An eventful weekend for sure in Russia.

So, it seems like Prigozhin's attempted coup has failed. Belarus’ President Lukashenko has negotiated some face-saving exit for Prigozhin to exile in Minsk.

Hard to see Prigozhin surviving. He must now worry about eventually getting a Novichok dessert. Or, of falling out of a window.

Some broader conclusions:

First, I think events this weekend have underscored how bad the war in Ukraine is going for Russia.

It's been a disaster on all counts: military, human, economic, diplomatic/prestige and political.

As I have long argued, Russia has no path to victory in Ukraine, the longer it goes on the worse it gets for Russia. Indeed, the longer it goes on, with all the negative consequences, the more the risk of backdraft to Russia itself and risks of political upheaval at home in Russia. This is what we saw this weekend.


Second, Putin might have survived - just about. But he is now fatally weakened. His credibility is at a low point.

Imagine it's not clear whether Putin had enough military support to defend Moscow against the Wagner assault - note reports of him fleeing to St Petersburg. And the ultimate ignominy, of Putin being bailed out by his arch nemesis, President Lukashenko of Belarus. What a fall from grace by Putin.

Putin is now damaged goods, his vulnerabilities exposed. It’s a lower bar now for others within the regime to move against him. One (many) can hope.

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Third, and linked to the above two points, I just don’t see how Russia, and Putin can sustain the war in Ukraine. Surely the temptation would be now for Putin to bring the troops home to defend against potential future political moves against him.

And, even if Putin does not willingly decide to withdraw from Ukraine, the risk now is that with the Ukrainian offensive ever gaining momentum and ground that Russian forces in Ukraine will question why they are fighting and surrender or retreat.

Russian forces in Ukraine are now terribly exposed and their position will only get weaker as Ukraine gets ever better Western equipment, including F16s.


Fourth, events over the weekend have probably provided Putin with scapegoats - Prigozhin the traitor and incompetents like Shoigu and Gerrasimov so eloquently exposed by Prigozhin.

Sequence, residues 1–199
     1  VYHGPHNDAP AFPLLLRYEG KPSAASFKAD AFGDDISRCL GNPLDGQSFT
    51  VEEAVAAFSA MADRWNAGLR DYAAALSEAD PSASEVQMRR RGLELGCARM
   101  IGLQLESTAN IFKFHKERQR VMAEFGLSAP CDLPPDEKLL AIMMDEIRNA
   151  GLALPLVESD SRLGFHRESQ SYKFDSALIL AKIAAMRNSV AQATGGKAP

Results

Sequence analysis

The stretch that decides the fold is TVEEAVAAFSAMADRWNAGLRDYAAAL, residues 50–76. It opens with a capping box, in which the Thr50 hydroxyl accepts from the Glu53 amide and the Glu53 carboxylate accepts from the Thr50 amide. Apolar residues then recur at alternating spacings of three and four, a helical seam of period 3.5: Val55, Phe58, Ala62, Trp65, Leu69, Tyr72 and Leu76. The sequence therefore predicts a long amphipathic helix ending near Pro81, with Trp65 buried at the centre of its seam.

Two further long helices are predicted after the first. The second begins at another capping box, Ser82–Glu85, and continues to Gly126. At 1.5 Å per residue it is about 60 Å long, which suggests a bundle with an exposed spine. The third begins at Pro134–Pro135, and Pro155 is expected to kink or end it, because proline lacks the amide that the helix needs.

He can blame these characters as explaining Russia’s downfall in Ukraine.

Fifth, I think Russia’s allies abroad - China and the Global South - will finally realize that Putin is a liability or at least his war in Ukraine is. They will worry about the potential consequences of a catastrophic defeat for Russia in Ukraine and advise Putin that if he has any chance of retaining power in Russia, and keeping the Russian Federation whole, he has to withdraw and take any peace he can get.

Sixth, and on the prospect of the collapse of Russia into many new states, as resulted from the collapse of the USSR in 1991, I think we saw this weekend that this is not such a remote chance. But I would argue that such an eventuality is not a terrible prospect - the collapse of the USSR led to the creation of fourteen new and well-functioning new states. The Russian Federation, however, the fifteenth, has proven to be the weak link. Putin started the war in Ukraine as part of a greater Russia strategy but the irony likely will be the result will be a lesser Russia outcome.


Events over the weekend should hopefully have hastened the game for Russia in Ukraine, producing a Russian withdrawal and Ukrainian victory.

Reprinted from Timothy Ash’s blog @tashecon blog. See the original here.

The views expressed in this opinion article are the author’s and not necessarily those of Kyiv Post.

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